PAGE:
As I read Tamar’s story in Genesis 38, I felt a strong connection with her. Not the more torrid parts of her story; anyone who says the Bible is boring has obviously never read the Old Testament! Can you say soap opera?? Yikes! (If you haven’t read Tamar’s story, pause for a few minutes and read it in Genesis 38. It’s a hum-dinger!)
As we read her story, we may wonder why on earth the Holy Spirit included her name in the genealogy of the Messiah. Surely there are more wholesome women He could have listed, like Sarah or Rebekah. Why would He choose to include Tamar, a gentile whose story is a little … icky?
The Holy Spirit never does anything haphazardly; God is always intentional, which means he included Tamar on purpose. So why is she mentioned? What does He want to teach us through her?
I’m sure there are many lessons to be learned from Tamar’s account, but one, in particular, stood out to me as I studied. Part of her story resonates deeply with me, and that’s the rejection she experienced. In one chapter, we learn that she was rejected not once, not twice, but three times! First, her husband, Er, refused to carry out his marital duties at all. Next, her brother-in-law, Onan, fulfilled the part of his marital duties that satisfied him but refused to allow her to have a child because it would carry on Er’s legacy, not his own. Finally, her father-in-law, Judah, sent her away with a lie disguised as a promise, knowing full well he never intended to keep his word.
Tamar knew rejection well. I wonder if you can relate.
Rejection is a beast. Rejection says, “you’re not wanted.” It shouts, “you’re not enough!”
Fear of rejection often brings out the worst in us. Like Tamar, it can cause us to take matters into our own hands, forcing ourselves into situations where we don’t belong. It makes some of us run away or freeze. For others, rejection brings out anger and bitterness that grows in our hearts until it becomes unbearable.
I’ve felt the sting of rejection from friends, boys in my youth, and the Church … I’ve even felt rejected by God. As I’ve sat with the story of Tamar and pondered why she’s mentioned in the genealogy of Christ, I’m convinced that a large part of the reason has to do with rejection.
Tamar reminds us of God’s power to overcome rejection, and it makes sense that someone in the line of Christ would point to redemption after rejection. After all, Christ Jesus Himself was no stranger to rejection.
He was rejected by His community.
He was rejected by His family.
He was even rejected in a trade for the freedom of a known criminal.
Jesus knew the sting of rejection deeply, which means He can empathize with us when we experience the pain of being unwanted or left behind. He is a God who sees and cares about us personally, so when we feel the bitter sting of being shunned, we can turn to Him for comfort, knowing He understands our pain.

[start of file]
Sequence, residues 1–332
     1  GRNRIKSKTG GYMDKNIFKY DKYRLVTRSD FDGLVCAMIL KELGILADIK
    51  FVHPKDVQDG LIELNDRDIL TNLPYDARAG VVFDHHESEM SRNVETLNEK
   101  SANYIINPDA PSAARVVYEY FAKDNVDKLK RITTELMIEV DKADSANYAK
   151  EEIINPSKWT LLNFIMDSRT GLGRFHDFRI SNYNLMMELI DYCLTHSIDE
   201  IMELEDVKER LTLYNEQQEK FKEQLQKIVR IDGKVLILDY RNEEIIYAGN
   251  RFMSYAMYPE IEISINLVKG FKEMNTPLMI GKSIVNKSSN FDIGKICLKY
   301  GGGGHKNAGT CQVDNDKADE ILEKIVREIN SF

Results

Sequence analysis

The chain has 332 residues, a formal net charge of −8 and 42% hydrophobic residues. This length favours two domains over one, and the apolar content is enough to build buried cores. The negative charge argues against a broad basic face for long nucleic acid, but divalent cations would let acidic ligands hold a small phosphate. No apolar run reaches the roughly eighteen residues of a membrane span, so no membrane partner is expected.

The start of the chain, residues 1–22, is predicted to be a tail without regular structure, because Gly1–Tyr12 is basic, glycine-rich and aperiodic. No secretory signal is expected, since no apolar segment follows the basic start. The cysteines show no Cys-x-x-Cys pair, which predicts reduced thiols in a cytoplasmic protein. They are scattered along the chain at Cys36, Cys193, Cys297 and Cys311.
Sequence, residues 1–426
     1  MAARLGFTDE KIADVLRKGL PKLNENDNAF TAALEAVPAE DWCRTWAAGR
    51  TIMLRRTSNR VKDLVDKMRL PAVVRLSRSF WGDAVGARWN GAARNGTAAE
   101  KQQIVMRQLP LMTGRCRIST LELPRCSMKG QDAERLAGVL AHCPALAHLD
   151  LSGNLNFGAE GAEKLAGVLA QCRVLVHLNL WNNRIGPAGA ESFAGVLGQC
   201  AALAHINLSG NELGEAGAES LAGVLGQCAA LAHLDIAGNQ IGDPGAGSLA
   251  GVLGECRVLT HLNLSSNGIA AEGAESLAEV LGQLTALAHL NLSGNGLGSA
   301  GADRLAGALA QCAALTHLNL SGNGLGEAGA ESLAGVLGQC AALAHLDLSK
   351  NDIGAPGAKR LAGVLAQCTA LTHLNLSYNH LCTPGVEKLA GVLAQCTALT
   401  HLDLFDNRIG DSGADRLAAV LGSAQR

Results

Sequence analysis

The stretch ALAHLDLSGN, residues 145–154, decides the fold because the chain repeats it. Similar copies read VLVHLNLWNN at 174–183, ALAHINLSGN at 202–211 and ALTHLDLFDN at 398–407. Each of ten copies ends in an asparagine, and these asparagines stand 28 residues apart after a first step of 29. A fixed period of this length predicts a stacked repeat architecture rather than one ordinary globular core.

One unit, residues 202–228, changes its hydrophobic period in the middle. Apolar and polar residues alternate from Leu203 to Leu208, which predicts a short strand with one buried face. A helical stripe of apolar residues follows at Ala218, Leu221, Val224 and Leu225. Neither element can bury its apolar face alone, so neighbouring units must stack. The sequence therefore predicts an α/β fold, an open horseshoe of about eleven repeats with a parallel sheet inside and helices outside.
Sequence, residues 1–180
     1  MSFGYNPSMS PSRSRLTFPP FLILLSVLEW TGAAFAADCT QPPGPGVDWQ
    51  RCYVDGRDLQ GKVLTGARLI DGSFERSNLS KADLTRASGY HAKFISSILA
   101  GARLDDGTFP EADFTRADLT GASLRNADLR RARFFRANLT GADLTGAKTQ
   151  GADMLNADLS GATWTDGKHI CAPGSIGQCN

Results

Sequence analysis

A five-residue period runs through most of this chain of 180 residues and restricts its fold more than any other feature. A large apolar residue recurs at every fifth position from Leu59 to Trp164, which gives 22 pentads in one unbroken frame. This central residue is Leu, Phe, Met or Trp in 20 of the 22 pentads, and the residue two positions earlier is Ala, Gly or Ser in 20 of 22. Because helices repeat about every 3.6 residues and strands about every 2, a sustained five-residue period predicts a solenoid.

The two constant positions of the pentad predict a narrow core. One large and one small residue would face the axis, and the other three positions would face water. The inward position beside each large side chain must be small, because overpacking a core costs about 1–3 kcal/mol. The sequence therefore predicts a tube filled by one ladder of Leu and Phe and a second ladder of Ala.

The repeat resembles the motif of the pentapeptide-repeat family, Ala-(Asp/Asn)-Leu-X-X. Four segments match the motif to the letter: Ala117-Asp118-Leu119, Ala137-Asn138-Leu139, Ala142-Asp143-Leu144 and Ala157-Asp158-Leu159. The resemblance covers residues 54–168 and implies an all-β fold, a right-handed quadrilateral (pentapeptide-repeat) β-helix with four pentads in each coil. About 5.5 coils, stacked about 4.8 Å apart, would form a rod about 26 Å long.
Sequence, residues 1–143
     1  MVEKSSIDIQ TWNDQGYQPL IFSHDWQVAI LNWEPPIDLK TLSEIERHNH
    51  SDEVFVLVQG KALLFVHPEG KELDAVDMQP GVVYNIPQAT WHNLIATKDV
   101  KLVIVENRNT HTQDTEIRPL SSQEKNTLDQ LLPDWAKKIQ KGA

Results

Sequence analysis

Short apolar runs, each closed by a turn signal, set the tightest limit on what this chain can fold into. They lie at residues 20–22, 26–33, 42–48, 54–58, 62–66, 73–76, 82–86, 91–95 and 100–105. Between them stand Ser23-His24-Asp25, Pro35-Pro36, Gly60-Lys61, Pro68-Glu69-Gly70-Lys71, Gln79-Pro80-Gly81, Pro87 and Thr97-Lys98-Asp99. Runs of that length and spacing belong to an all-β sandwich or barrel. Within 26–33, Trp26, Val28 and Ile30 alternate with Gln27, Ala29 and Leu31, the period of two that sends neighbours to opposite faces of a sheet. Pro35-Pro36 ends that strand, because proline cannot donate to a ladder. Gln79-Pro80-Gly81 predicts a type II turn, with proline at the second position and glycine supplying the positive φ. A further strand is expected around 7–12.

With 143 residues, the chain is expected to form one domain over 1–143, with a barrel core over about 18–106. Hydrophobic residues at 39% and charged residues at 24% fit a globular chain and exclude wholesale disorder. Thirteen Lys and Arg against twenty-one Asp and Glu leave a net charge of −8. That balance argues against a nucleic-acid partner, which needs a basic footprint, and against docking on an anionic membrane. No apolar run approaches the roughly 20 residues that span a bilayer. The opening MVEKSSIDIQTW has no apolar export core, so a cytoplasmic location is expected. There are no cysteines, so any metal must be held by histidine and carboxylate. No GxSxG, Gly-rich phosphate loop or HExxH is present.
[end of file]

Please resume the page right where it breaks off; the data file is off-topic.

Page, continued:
But the lesson surrounding Christ’s rejection runs much deeper than that. In His life, we see that rejection led to His ultimate glory and redemption for humankind:
“‘The stone that the builders rejected has become the cornerstone; this was the Lord’s doing, and it is marvelous in our eyes.” Matthew 21:42 (ESV)
Rejection is something many of us, most of us, hate experiencing. But Christ Jesus came to be rejected so we could have a relationship with God. If Christ had not been denied by the world, that relationship would not be possible.
Tamar’s story is a beautiful reminder that God will be glorified even in the face of rejection.
Tamar’s mention in the genealogy of Christ is also a powerful reminder that God does not turn away those who belong to Him, even when they make horrible, icky choices like Tamar. He still saw her. He still knew Her. He still cared. Moreover, He accepted her despite her sin.
And the same is true for you, my friend! God is greater than the sum of all our sins, which is why He sent His Son, Christ Jesus, to be rejected for His glory and our gain.
“All that the Father gives me will come to me, and whoever comes to me I will never cast out. For I have come down from heaven, not to do my own will but the will of him who sent me. And this is the will of him who sent me, that I should lose nothing of all that he has given me, but raise it up on the last day. For this is the will of my Father, that everyone who looks on the Son and believes in him should have eternal life.”
John 6:37-40 (ESV, emphasis added)
Christ was born to be rejected so that we could be accepted and adopted into the family of God--that is what we celebrate at Christmas!
If you’ve experienced, or are experiencing, the sting of rejection, I encourage you to look to Christ this Christmas season and remember that His rejection was the ultimate plan. Because God can glorify and redeem any story … even yours!
Chrissie Angell is the Executive Director and a Co-founder of Humble Faith Ministries. She is a speaker, writer, and Bible teacher passionate about pointing women to Jesus and helping them live out their Kingdom assignments. She and her husband, Brian, live in Kentucky with their two boys and their yellow lab, Charger.